“In a fight between a bear and an alligator, it is the terrain which determines who wins.” ~Jim Barksdale
The wise observation above concisely illustrates the importance of terrain in any fight. More than likely the bear will win on the land, and the alligator will triumph in the water because each knows his own terrain. In competitive activities like war, sport and business, knowing the terrain can make all the difference between winning and losing, success and failure. Add the maxim, “Understand the narrative” to “Know the terrain” and you’ve got the two most important principles required to compete successfully in the business, government, and financial sectors.
Historically, knowing the terrain and understanding the narrative used to be somewhat straightforward. Battles were fought on battlefields. Borders were made and then changed based on wars, treaties, and even marriages. Narratives were controlled by the mainstream media, the government, or “spin doctors” and could often be contained within a nation’s or industry’s borders.
But social media has completely changed the terrain. Facebook has 2.7 billion users which makes the platform larger than the populations of China, the United States, and Russia combined. When it comes to understanding the narratives on this new unbordered terrain of social media, it isn’t news that most Americans aren’t reading the daily newspaper or even watching the evening news. Instead of the paper of record delivering everything from local happenings and sports scores to current events on the global stage, more and more people are turning to Facebook and Twitter.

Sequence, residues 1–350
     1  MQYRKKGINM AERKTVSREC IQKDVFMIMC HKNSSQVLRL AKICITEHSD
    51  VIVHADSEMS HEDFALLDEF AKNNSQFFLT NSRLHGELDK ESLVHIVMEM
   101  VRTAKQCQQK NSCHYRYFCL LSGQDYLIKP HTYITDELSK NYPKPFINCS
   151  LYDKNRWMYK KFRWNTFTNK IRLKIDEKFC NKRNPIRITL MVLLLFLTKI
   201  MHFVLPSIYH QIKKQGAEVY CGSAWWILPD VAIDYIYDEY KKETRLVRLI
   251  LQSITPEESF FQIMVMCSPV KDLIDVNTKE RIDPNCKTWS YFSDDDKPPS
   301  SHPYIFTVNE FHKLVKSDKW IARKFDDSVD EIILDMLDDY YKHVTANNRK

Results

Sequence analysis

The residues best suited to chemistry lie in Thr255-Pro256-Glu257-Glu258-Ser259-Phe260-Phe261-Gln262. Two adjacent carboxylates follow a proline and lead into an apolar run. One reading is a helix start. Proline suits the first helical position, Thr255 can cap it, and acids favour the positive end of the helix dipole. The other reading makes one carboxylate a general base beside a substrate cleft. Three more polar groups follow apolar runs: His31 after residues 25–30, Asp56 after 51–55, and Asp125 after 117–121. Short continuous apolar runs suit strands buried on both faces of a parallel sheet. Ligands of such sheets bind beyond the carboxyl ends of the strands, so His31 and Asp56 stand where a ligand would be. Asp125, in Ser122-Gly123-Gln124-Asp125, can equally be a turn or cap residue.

According to 2019 Pew Research Center report 55% of U.S. adults now get their news from social media either “often” or “sometimes” — an 8% increase from last year. And 28% said they get their news “often,” up from 20% in 2018.
As the Pew Research’s reporters noted, “social media is now a part of the news diet of an increasingly large share of the U.S. population.” It’s an increasing large share of the global population as well.
Also in 2019 phys.org reported that 86% of internet users had been duped by misinformation/disinformation campaigns on social media according to a global survey by the Centre for International Governance Innovation.
Here’s another quote (I love quotes): In 1973, Italian novelist/philosopher Umberto Eco wrote, “Not long ago, if you wanted to seize political power in a country you had merely to control the army and the police. Today it is only in the most backward countries that fascist generals, in carrying out a coup d’état, still use tanks. If a country has reached a high degree of industrialization the whole scene changes. The day after the fall of Krushchev, the editors of Pravda, Izvestiia, the heads of the radio and television were replaced; the army wasn’t called out. Today a country belongs to the person who controls communications.”
We consider communications as conversations. Conversation moves markets. News coverage, social media, and online forums feed off each other. That feeding frenzy can have massive impacts on companies, stocks, and investors. Whether it’s competitors, biased media, foreign adversaries, or homegrown agitators, knowing who’s creating and who’s sharing a narrative can make all the difference.